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I want to estimate an ARIMA(1,0,X) model. The MA(X) in the model is selected to minimize BIC. I have the following code employing the function auto.arima from "forecast" package in R:

 auto.arima(logret$appl, d=0, max.p=1, max.q=10,
 max.order=NA, max.d=0,start.p=1, start.q=0,
 stationary=FALSE, seasonal=FALSE,
 ic=c("bic"), stepwise=TRUE, trace=TRUE,
 allowdrift=TRUE, allowmean=TRUE, lambda=NULL, parallel=FALSE, num.cores=NULL)

The following is the result of the above code

 ARIMA(1,0,0) with non-zero mean : -6592.886
 ARIMA(0,0,0) with non-zero mean : -6597.561
 ARIMA(1,0,0) with non-zero mean : -6592.886
 ARIMA(0,0,1) with non-zero mean : -6592.48
 ARIMA(0,0,0) with zero mean     : -6604.679
 ARIMA(1,0,1) with non-zero mean : -6586.55

Best model: ARIMA(0,0,0) with non-zero mean 

Series: logreturns$REL.CP 
ARIMA(0,0,0) with non-zero mean 

Coefficients:
      intercept
          0e+00
s.e.      5e-04

sigma^2 estimated as 0.0002818:  log likelihood=3305.9
AIC=-6607.81   AICc=-6607.8   BIC=-6597.56

My problem requires to keep AR(1) and d=0 in all the models where I test MA lags. Is there a way to fix AR lags? What I really want is MA(1) coefficient out of this arima(1,0, X) model. Thanks

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You can do it manually. Let x be the data series. The code below considers all moving-average lag orders between 0 and max.q and prints out the BIC-minimizing lag order and the corresponding estimated model:

m=list() # I will save estimated ARIMA(1,0,q) models here
BIC=c()  # I will save the corresponding BIC values here
max.q=10 # the maximum MA order you want to consider
n=length(x)
for(q in 0:max.q){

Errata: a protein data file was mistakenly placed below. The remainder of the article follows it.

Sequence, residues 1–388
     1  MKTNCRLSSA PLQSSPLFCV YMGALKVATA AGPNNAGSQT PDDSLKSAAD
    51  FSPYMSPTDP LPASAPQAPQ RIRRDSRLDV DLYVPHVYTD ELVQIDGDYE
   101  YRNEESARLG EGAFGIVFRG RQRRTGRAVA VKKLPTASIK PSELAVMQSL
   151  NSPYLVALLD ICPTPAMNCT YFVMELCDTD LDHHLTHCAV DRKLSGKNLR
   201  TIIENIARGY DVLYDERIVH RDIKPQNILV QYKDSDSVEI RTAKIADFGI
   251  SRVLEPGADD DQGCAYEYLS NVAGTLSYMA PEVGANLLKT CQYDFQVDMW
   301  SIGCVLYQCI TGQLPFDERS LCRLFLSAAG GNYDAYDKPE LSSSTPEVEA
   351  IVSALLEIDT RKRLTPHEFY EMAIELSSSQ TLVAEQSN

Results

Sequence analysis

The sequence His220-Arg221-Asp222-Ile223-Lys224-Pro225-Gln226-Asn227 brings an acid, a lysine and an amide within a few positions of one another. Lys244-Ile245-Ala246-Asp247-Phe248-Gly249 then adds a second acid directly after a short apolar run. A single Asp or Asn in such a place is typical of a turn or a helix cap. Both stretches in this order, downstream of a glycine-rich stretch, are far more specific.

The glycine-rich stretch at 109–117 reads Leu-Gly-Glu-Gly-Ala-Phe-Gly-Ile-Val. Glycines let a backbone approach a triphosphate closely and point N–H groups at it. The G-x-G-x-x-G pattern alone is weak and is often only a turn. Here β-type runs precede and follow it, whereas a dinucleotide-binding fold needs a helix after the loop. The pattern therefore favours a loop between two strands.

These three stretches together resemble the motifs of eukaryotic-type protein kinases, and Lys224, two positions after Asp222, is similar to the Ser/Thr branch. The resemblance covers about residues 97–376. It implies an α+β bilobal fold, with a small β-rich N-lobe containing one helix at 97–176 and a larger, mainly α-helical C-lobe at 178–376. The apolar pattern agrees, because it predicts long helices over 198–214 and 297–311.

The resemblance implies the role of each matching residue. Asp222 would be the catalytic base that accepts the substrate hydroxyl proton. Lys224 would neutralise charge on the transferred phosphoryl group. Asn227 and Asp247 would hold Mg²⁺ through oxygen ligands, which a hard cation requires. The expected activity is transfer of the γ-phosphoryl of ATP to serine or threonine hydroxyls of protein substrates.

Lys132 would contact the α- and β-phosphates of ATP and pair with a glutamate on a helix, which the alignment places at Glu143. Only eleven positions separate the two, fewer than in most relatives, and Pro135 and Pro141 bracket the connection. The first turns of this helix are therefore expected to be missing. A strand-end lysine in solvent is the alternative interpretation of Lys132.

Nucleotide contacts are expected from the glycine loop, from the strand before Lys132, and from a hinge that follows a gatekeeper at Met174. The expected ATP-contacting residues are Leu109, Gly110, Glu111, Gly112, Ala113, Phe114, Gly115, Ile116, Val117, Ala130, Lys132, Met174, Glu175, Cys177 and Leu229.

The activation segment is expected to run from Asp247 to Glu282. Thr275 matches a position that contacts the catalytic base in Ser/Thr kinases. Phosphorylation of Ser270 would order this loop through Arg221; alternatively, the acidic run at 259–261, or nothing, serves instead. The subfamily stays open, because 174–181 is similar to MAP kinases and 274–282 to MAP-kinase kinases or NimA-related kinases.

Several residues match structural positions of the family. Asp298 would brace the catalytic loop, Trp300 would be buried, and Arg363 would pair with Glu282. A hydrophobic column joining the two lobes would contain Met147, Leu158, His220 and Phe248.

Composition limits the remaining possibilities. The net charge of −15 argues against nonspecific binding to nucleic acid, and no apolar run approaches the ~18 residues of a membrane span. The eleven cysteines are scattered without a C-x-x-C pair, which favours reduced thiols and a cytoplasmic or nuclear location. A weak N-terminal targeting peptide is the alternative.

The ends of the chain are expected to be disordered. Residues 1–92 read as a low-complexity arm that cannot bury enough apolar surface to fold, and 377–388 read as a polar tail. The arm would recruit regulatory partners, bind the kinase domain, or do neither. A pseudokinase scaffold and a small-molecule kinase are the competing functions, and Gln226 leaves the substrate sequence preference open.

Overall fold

m[[q+1]]=arima(x,order=c(1,0,q),method="ML")
 BIC[q+1]=AIC(m[[q+1]],k=log(n))
}
print(paste("BIC-optimal MA order is",which.min(BIC)-1)) # info message
print(m[[which.min(BIC)]]) # print the estimated BIC-optimal model

Edit:

To respond to a request in the comments, I am including a function that returns the estimated MA1 coefficient:

MA1fromARIMA10q=function(x,max.q=10,...){
 # x is a data vector (a time series)
 # max.q is the maximum MA order to be considered
 m=list() # I will save estimated ARIMA(1,0,q) models here
 BIC=c()  # I will save the corresponding BIC values here
 n=length(x)
 for(q in 0:max.q){
  m[[q+1]]=arima(x,order=c(1,0,q),...)
  BIC[q+1]=AIC(m[[q+1]],k=log(n))
 }
 q=which.min(BIC)-1
 if(q>0) MA1=coef(m[[q+1]])[2] else(MA1=NA) # if MA order is 0, assign NA
 return(MA1)
}
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  • $\begingroup$ Thank you very much @Richard Hardy. Would you please form a single function with this loop you have written that when applied to time series "x" gives the ma[1] coefficient for the arima(1, 0, x). $\endgroup$ – Polar Bear Apr 24 '16 at 10:04
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    $\begingroup$ Once you have run the function and assigned its result to variable z, the ma1 coefficient can now be extracted as z$MAcoeffs[1] or z[[3]][1]. $\endgroup$ – Richard Hardy Apr 24 '16 at 10:21
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    $\begingroup$ Is it better now? The function selects an optimal ARIMA(1,0,q) model and just returns the MA1 coefficient directly. $\endgroup$ – Richard Hardy Apr 24 '16 at 11:00
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    $\begingroup$ If you want AR1 coefficient, replace [2] with [1] in MA1=coef(m[[q+1]])[2] (then the function name and the variable name MA1 in the function will not make sense, but that is not so important.) $\endgroup$ – Richard Hardy Apr 24 '16 at 11:33
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    $\begingroup$ Try supplying the argument method=ML when calling my function. Also, you could try function Arima from "forecast" package instead of the standard arima function. Arima is a slightly more robust version of arima. Just replace arima with Arima in the code. $\endgroup$ – Richard Hardy Apr 24 '16 at 11:52

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